11th Annual Utah Snow & Avalanche Workshop Open and Motorized Sessions Oct. 27th.
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Date: 
Sunday, December 31, 2017
Size: 
2
Description: 

Slow, very slow…like watching paint dry on a humid day. The weak faceted layers in the snowpack were overloaded with the Christmas storms, and are still talking to us. Slides can still be triggered on this layer. And while the likelihood of triggering a slide is slowly decreasing, the expected size remains the same – one to two feet deep, around 100 to 200’ wide. The facets are most widespread on northwest through easterly facing slopes at the upper elevations, in the Provo area mountains and can be triggered from a distance or from below.

Nothing can hurry the process, so patience and your inclinometer are your friends - there are lots of free aps for your phone, or a wide variety of styles and prices for hand held inclinometers.

 

If you didn’t see it yesterday, here’s Trent’s video again of the recent skier triggered slide in Dry Fork – an incredibly clear explanation of the current northern Utah snowpack and avalanche problem.

 

Type: 
Persistent Weak Layer
Current Conditions: 

It's 2018 - Happy New Year! And here's hoping for a "new" weather pattern, too. 

Under mostly clear skies, temperatures in the drainage bottoms and on the high peaks are in the teens, with readings in the mid to upper 20s at the mid elevations of the Provo area mountains. The westerly winds are very light in the Provo area mountains, less than 10 mph.  To the north, the highest peaks are averaging 15 to 15 mph, gusting in the 30s.  

Snow surface conditions are “variable” – a mix of sun and wind crusts, damp snow mid day, with soft, recrystallized powder on wind and sun sheltered slopes. Snow depths are still quite shallow – only about a foot deep on the shady, mid elevation slopes.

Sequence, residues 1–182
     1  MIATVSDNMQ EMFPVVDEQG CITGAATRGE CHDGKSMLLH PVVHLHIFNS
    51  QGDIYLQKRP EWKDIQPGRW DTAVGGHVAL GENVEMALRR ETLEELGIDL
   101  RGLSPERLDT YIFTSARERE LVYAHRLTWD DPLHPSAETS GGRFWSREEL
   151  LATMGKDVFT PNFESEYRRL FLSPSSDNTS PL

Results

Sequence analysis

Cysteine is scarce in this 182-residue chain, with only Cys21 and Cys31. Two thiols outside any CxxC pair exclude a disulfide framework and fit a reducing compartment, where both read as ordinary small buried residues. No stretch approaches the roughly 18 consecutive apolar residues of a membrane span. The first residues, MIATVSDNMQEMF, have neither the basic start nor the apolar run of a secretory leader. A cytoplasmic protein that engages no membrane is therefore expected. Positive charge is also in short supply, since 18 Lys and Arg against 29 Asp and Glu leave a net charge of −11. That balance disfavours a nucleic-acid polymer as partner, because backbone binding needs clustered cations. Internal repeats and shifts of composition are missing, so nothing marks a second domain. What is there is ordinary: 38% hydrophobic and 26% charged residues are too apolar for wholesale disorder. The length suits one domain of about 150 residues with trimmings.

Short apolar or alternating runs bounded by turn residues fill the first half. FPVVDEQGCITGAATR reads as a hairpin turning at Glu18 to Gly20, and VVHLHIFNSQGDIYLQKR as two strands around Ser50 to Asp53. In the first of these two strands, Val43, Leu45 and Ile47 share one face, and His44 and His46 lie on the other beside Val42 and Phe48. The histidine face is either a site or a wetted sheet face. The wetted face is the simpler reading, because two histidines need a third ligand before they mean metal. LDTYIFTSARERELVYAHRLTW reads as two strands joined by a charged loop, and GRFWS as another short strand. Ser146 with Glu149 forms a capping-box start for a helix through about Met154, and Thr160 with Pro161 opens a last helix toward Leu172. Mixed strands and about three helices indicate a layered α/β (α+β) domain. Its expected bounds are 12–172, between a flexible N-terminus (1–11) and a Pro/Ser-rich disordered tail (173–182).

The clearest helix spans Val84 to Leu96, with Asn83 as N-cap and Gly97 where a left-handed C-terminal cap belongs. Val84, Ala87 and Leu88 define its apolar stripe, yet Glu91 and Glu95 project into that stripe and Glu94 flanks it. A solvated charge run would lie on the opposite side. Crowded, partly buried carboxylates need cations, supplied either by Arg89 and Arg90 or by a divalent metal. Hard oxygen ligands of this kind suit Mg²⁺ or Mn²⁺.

Recent Activity: 

No recent avalanche activity has been reported in the Provo area mountains, and avalanche activity has also slowed to the north – there have been two days in a row with no backcountry avalanches reported. However, there were still large collapses continued yesterday on the less traveled slopes in the Salt Lake and Ogden area mountains.   The avalanche list is here.  

With over a dozen people caught, carried and some buried in northern Utah since Christmas, it’s worth reviewing the weather and avalanche activity in Greg’s “Week in Review”.

  Friday Saturday Sunday Monday Tuesday Wednesday Thursday     Moderate Considerable Considerable HIGH HIGH Considerable Considerable
Mountain Weather: 

The stubborn high pressure plaguing the western US will strengthen through the middle of the week. For today, temperatures will warm into the mid 30s at 9,500’. The southwesterly winds will increase, with 20 mph averages and gusts to 30 mph at the mid elevations, and 35 mph averages with gusts to 55 along the high ridgelines. Clear skies tonight, lows in the teens and twenties, and continued breezy winds. No storms in the future through at least Friday.

Bottom Line: 

The Avalanche Danger is CONSIDERABLE on steep, upper elevation slopes facing northerly through easterly, and MODERATE on the shady mid elevations slopes. Here, avalanches 1 to 2 feet deep and up to 200’ wide can be triggered, failing on sugary, faceted snow. Avalanches can still be triggered from a distance and from below.  Avoid travel on and below upper elevations slopes steeper than about 30 degrees.

As wind speeds pick up today, any sensitive drifts forming along the high ridgelines should be avoided.

Size: 
2
Size: 
2
Likelihood: 
2
Likelihood: 
1
Likelihood: 
3
General Announcements: 

FOR MORE GENERAL INFORMATION AND FAQ, CLICK HERE

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This information does not apply to developed ski areas or highways where avalanche control is normally done. This advisory is from the U.S.D.A. Forest Service, which is solely responsible for its content. This advisory describes general avalanche conditions and local variations always occur.

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